Jump to ContentJump to Main Navigation
Show Summary Details
More options …

Open Theology

Editor-in-Chief: Taliaferro, Charles

Covered by:
Elsevier - SCOPUS
Clarivate Analytics - Emerging Sources Citation Index

CiteScore 2018: 0.37

SCImago Journal Rank (SJR) 2018: 0.275
Source Normalized Impact per Paper (SNIP) 2018: 0.975

Open Access
See all formats and pricing
More options …

God and Man as Unrepresentable Images

Carla Canullo
Published Online: 2019-06-28 | DOI: https://doi.org/10.1515/opth-2019-0015


The Syrian bishop Theophilus of Antioch said: «Show me your man, and I will show you my God!». This sentence is a way of conveying that man is the image of God. Philosophical thought has attempted to grasp this image through the representation, which suggests the representation as both visual model and act of thought. The image as representation of thought is the method through which both God and man have been thought. This is confirmed by Immanuel Kant who, in the ‘transcendental Dialectic’ of the Critique of Pure Reason, showed that metaphysics thought both man (transcendental paralogism) and God (transcendental Ideal) as an ‘idea’. In contrast, Husserl’s phenomenology opened a new method by conceiving every image, and therefore also the image of God and man, not as a representation of thought but as a ‘phenomenon’ that manifests itself. The phenomenological method, based on the imperative “zu den Sachen selbst!”, would be adequate to grasp human essence that, like the divine one, is spiritual, indefinable and unrepresentable. In order to think this unrepresentability, the present paper investigates the work of Jean-Luc Marion, who thought the unrepresentable image of God and, therefore, of man, by distinguishing the image as an idol and as an icon. Above all, we will try to show that phenomenology allows us to grasp the image of God and man as an icon that cannot be constructed by thought.

Keywords: Image; Representation; Phenomenology; Idol; Icon; Infinity; Immanuel Kant; Jean-Luc Marion; Blaise Pascal; Georg Cantor


  • Aczel, Amir D. The Mystery of the Aleph. Mathematics, the Kabbalah, and the search for Infinity. New York : Four Walls Eight Windows, 2000.Google Scholar

  • Bacon, Francis Verulam. Novum organon. Cambridge; Cambridge University text, 2000.Google Scholar

  • Cantor Georg. Contributions to the Founding of the Theory of Transfinite numbers. Dover publication, New York 1955.Google Scholar

  • Cusano Nicholas. The Vision of God. New York: Frederick Ungar Publishing, 1960.Google Scholar

  • Gardies, J.-L. Pascal entre Eudoxe et Cantor. Paris: Vrin, 1984.Google Scholar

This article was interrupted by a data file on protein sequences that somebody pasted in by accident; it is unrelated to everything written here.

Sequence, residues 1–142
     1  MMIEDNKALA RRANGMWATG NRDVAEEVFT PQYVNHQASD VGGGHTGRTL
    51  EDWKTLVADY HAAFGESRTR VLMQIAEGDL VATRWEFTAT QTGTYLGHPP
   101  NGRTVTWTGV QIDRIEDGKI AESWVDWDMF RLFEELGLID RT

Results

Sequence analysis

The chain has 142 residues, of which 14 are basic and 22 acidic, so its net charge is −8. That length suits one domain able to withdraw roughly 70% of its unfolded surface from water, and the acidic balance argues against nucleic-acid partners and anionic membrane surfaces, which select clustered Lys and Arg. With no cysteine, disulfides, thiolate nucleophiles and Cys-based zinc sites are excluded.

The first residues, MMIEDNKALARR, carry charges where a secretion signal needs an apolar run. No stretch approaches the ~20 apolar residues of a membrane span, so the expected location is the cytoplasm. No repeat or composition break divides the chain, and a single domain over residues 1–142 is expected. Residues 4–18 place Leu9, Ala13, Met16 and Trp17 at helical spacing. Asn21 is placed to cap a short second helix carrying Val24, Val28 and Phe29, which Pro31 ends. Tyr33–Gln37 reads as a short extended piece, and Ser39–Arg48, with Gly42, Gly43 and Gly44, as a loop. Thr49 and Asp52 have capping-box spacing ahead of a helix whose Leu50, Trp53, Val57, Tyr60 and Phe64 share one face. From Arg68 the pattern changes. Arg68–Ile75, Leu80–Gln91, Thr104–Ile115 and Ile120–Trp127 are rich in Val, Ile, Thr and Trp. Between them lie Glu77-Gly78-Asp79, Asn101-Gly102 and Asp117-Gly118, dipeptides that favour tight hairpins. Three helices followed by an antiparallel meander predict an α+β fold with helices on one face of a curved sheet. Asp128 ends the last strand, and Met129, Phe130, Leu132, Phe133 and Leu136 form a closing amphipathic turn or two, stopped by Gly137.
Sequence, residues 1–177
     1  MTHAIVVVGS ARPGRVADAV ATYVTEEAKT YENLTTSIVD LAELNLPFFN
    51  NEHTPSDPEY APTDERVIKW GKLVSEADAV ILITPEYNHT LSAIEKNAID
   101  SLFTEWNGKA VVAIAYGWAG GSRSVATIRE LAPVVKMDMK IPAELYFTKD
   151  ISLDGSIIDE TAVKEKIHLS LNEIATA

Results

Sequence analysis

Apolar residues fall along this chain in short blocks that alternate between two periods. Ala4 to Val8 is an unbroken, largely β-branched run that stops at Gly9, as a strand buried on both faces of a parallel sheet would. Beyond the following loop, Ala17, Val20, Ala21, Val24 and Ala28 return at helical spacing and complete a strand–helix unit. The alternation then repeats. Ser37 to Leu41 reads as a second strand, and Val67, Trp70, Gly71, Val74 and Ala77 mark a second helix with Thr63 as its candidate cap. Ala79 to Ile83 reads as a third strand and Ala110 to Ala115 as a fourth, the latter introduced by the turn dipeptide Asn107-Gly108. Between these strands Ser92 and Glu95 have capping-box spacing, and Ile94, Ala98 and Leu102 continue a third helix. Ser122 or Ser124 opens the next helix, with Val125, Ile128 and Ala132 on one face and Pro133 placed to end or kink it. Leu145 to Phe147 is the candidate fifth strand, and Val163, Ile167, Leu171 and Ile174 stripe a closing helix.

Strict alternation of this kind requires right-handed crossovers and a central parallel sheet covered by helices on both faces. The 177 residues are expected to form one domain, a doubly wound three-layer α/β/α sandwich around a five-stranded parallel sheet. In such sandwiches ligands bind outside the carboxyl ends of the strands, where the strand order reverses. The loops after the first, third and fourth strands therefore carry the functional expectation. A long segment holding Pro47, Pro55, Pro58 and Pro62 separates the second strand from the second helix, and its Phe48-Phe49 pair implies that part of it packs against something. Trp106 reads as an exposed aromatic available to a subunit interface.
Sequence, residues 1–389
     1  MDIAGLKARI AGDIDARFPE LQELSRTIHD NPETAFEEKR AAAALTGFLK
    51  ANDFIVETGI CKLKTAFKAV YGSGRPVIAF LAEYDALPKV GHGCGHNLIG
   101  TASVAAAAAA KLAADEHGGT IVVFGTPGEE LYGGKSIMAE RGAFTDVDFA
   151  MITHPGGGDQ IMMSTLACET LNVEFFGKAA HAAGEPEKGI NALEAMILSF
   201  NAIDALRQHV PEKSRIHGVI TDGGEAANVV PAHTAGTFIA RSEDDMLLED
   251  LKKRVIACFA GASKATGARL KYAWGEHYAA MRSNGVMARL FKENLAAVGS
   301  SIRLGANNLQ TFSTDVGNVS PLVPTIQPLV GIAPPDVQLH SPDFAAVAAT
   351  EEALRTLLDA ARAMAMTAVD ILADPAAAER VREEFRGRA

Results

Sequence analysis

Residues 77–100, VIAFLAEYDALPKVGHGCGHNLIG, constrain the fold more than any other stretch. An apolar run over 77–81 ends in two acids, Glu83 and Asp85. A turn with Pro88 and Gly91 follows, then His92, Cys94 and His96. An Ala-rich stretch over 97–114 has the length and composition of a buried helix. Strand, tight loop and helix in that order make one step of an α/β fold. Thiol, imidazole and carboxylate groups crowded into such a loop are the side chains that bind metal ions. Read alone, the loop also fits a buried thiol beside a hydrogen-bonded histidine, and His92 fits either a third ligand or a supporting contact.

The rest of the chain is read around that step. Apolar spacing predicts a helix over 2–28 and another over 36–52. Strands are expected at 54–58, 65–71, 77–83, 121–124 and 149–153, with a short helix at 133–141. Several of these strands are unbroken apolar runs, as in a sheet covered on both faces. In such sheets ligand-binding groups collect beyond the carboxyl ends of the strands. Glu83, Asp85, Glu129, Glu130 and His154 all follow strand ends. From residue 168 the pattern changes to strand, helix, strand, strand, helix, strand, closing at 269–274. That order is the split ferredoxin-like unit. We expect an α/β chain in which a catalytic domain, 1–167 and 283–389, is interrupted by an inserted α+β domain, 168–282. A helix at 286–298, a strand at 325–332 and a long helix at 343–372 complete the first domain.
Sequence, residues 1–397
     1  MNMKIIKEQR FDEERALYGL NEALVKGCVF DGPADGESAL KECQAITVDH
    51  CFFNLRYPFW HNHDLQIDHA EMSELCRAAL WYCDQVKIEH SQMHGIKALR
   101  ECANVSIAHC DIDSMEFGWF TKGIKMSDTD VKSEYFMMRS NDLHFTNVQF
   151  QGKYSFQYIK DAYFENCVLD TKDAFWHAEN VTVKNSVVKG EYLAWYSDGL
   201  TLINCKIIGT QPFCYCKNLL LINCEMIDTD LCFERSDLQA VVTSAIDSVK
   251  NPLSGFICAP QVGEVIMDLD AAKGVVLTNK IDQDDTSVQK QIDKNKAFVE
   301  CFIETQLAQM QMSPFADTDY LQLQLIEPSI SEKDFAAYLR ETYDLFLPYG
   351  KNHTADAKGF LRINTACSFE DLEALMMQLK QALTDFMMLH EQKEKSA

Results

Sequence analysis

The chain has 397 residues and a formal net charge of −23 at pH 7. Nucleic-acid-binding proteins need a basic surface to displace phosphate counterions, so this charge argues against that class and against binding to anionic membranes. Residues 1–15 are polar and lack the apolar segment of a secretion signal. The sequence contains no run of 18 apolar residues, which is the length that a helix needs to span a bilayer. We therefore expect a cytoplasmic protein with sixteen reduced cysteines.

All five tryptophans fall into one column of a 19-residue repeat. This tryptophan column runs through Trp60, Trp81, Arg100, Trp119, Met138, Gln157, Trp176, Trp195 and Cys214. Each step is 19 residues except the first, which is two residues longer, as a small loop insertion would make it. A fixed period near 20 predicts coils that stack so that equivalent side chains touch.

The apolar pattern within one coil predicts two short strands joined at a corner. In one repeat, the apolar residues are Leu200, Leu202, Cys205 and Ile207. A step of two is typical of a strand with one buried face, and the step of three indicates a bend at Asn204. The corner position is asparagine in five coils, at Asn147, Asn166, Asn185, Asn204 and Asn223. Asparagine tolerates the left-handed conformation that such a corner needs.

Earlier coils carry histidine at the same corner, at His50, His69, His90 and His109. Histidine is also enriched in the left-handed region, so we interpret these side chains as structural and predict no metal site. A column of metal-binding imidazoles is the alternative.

• Hart, Ray L. Unfinished Man and the Imagination: Toward an Ontology and a Rhetoric of Revelation, Louisville (Kentucky): Westminster John Knox Press, Louisville (Kentucky) 2001 (first edition: 1968).Google Scholar

  • Hedley, Douglas. Living forms of the imagination. Edimburgh: T & T Clark, 2008;Google Scholar

  • Hedley, Douglas. Sacrifice Imagined. Violence, Atonement, and the Sacred. London, New York: Blumsbury, 2011.Google Scholar

  • Hedley, Douglas. The Iconic Imagination. Bloomsbury, London, New York, 2016.Google Scholar

  • Husserl, Edmund. Ideen zu einer reinen Phänomenologie und phänomenologischen Philosophie. Allgemeine Einführung in die reine Phänomenologie, Hamburg: Meiner, 2009.Google Scholar

  • Isidor of Seville, Etymologies. Cambridge: Cambridge University Press, 2006.Google Scholar

  • Kant, Immanuel. Critique of Pure Reason, London, New York: Macmillan, 1964.Google Scholar

  • Levinas, Emmanuel. The Ruin of Representation, in Discovering Existence with Husserl. Evanston (Illinois): Northwestern University Press, 1998,Google Scholar

  • Marion, Jean-Luc. God without Being. Hors texte, translated by T. A. Carlson and D. Tracy, Chicago: Chicago University Press, 2012.Google Scholar

  • Pascal, Blaise. The Thoughts, Letters and Opuscules of Blaise Pascal. Boston: Houghton, Mifflin and company, 1887.Google Scholar

  • Theophilus of Anthioch. Ad Autolicus, http://www.ccel.org/ccel/schaff/anf02.html

  • Wunenburger, Jean-Jacques. Philosophie des images, Paris: Presses Universitaires de France, 1997.Google Scholar

About the article

Received: 2019-03-27

Accepted: 2019-04-29

Published Online: 2019-06-28

Citation Information: Open Theology, Volume 5, Issue 1, Pages 158–165, ISSN (Online) 2300-6579, DOI: https://doi.org/10.1515/opth-2019-0015.

Export Citation

© 2019 Carla Canullo, published by De Gruyter. This work is licensed under the Creative Commons Attribution 4.0 Public License. BY 4.0

Comments (0)

Please log in or register to comment.
Log in